Things That Will Break Your Heart: Chris Arnade’s Faces of Addiction

10 Feb
Prince spends his time salvaging scrap metal.

Prince spends his time salvaging scrap metal to get money for heroin.

The other day I stumbled upon a Jezebel article detailing an ongoing photo essay by Chris Arnade, called “Faces of Addiction”.  Viewing this photo essay should be mandatory for everyone, especially spoiled millenials who think that their lives are terrible. Looking through this photo series made me realize how incredibly lucky I am to have lived my life. Really, I have nothing to whine about at all. I’ve been blessed with so many amazing things: a solid mind, a world-class education, writing ability, attractive looks, designer clothes, trips, meals at nice restaurants, etc. I am blessed in every aspect of my life.  Unfortunately, as the internet and various social media networks prove, whining about anything and everything is the new marker of a narcissistic and selfish society.

Here are some examples of things that people often believe are real problems, when in fact, they are not:

“I cracked the glass on my iPhone!”

“Why is Starbucks out of bacon breakfast sandwiches this morning?”

“OMG! Why is the N train out of service on a Saturday night? Now I’ll never make it to that beer garden at a decent hour!”

“Dave Matthews isn’t coming to my city this year! WTF!”

People, these are not problems. After reading through a bit of “Faces of Addiction,” you will learn what actual problems are.  “Faces of Addiction” chronicles the lives of drug addicts and prostitutes in Hunts Point, Bronx.  For those of you who are not familiar with New York City, Hunts Point is the poorest neighborhood in all of New York City. Heroin plagues the neighborhood, ripping a cruel path of utter destruction in its streets.

Many of Mr. Arnade’s subjects have been addicted to heroin for years, if not decades.  Their faces show an indescribable sadness, eyes peering from behind weathered masks of who they were.  Sonya, who told her story to Arnade, gave up her family and stable life in Rhode Island to move to Hunts Point with a man who introduced her to heroin. Her description of what her life is like now is chillingly paradoxical: “I am happier in some ways than I’ve ever been in my life. But I’ve lost so many things. I want to get out of my addiction but in some ways it’s made me grow a lot. And I think I know now how to live more than I ever have.” Prince is a young man who suffered sexual abuse as a child. He is the oldest of seventeen children, and he spends much of his time scrounging the streets of Hunts Point for scrap metal, using what little money he gets to buy heroin. Arnade noted how positive Prince was, in spite of the life he leads.  Prince graduated high school and states that he hopes to finish college as well. Prince’s photo shows a young man dragging an air conditioner behind him, the composition of the photo offset by the bright colors of a graffitied wall.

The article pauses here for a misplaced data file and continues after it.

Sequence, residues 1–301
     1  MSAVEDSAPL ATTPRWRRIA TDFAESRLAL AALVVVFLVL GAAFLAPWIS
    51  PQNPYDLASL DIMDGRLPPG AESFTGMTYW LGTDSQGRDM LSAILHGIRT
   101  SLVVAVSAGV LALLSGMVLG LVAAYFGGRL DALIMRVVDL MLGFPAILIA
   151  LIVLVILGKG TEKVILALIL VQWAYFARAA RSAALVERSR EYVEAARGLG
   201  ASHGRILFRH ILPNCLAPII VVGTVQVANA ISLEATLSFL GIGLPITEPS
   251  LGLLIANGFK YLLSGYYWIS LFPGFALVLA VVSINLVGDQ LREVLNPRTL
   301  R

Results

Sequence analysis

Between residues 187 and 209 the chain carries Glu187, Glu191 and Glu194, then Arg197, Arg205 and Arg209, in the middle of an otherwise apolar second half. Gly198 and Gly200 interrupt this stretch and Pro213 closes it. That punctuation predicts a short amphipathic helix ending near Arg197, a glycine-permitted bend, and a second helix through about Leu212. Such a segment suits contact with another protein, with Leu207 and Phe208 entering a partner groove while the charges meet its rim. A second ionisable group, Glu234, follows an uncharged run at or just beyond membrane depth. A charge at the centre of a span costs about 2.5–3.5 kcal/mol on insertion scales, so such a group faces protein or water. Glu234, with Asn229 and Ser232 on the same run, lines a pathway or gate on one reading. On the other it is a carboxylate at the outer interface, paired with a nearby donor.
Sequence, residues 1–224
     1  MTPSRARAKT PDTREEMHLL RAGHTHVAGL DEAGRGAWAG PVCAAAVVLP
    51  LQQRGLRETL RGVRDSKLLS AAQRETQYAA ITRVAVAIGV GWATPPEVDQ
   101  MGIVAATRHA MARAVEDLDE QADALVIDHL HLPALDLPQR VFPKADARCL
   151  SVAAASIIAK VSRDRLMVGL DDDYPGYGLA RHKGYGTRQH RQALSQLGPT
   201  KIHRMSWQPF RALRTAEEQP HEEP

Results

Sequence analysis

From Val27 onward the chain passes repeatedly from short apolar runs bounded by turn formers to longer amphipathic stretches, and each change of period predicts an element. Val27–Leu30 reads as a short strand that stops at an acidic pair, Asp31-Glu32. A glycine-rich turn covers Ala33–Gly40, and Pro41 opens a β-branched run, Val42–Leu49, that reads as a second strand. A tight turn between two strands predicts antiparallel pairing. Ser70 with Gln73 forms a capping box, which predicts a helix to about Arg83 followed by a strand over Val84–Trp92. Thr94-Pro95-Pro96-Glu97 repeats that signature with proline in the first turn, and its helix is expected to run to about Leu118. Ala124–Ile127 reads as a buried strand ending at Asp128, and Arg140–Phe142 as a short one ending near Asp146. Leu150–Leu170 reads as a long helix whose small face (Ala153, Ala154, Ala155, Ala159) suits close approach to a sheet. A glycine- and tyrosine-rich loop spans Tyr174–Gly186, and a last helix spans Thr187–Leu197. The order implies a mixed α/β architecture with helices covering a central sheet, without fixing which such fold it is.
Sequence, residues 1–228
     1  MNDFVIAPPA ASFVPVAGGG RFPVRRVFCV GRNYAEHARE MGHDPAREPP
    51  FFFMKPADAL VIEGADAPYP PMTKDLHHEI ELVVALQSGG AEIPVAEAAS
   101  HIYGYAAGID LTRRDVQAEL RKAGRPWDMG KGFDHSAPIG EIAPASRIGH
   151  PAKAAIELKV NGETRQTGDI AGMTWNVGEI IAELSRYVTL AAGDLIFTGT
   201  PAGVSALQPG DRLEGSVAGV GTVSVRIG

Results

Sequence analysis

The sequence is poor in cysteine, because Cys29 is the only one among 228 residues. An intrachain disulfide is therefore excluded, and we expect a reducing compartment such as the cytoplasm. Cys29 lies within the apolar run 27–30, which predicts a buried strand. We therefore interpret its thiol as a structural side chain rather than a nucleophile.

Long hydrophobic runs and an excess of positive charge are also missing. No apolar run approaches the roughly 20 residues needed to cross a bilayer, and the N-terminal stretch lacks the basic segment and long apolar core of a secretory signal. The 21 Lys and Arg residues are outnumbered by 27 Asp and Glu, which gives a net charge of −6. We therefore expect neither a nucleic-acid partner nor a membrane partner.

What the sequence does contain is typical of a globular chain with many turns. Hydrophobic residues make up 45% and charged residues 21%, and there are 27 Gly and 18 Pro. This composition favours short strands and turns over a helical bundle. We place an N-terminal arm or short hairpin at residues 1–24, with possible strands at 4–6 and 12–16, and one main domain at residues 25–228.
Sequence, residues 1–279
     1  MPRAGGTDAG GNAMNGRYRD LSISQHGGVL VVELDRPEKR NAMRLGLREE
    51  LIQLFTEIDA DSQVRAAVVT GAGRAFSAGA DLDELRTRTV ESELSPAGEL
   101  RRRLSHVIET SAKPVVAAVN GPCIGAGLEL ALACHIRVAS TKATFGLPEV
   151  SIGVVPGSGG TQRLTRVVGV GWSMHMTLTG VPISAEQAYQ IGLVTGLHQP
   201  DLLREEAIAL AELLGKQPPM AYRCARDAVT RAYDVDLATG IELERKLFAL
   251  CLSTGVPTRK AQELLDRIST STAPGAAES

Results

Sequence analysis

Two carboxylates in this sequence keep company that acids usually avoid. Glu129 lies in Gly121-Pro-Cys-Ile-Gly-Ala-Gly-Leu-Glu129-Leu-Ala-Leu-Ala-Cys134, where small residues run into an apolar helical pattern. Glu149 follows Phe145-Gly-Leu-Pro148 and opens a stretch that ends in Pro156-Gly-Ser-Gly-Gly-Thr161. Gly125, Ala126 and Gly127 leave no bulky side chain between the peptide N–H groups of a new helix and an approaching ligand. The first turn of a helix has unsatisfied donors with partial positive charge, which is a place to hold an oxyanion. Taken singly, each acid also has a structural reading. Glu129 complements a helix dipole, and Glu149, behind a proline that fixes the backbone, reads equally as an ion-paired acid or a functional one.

Sonya, brought to the edge of addiction by a man named Erik.

Sonya, brought to the edge of addiction by a man named Erik.

Perhaps the most gut-wrenching stories (for me, at least) are those of women who were sexually abused from a very young age and thrust into a life of pain, addiction, and sex work through no fault of their own.  Egpyt’s story especially affected me. Raped by her own father since the age of three, Egypt tells Mr. Arnade that the only man who never treated her badly was God.  For someone who’s been treated so badly her entire life to still have some semblance of faith is simply amazing to me.

Egypt, a longtime victim of men.

Egypt, a longtime victim of men.

Arnade’s photo essay is a must-read for anyone who’s ever passed by a junkie or prostitute in the streets of New York, or any large city for that matter, and wondered what brought them to that moment in their lives.  We tend to go through life glibly, not realizing just how great many of us have it.  Chris Arnade’s message is a much-needed revelation in such selfish times.  If you can look through these photos without wincing, or almost shedding tears, then your heart simply needs some work.

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2 Responses to “Things That Will Break Your Heart: Chris Arnade’s Faces of Addiction

  1. Greg Shaw February 10, 2013 at 9:57 PM #

    I’m with you. I can’t stand going to Downtown LA and see well off people come out of their high rises and walk past people in need. Paying no mind to them—as if they don’t exist… As if they can’t see them through their peripherals.

    I heard an interesting debate on a similar subject on http://www.kleanradio.com

  2. Ali June 9, 2013 at 1:57 PM #

    Chris, you are such a brave person who opened reality and are real life problem. Often times people complain minor things.

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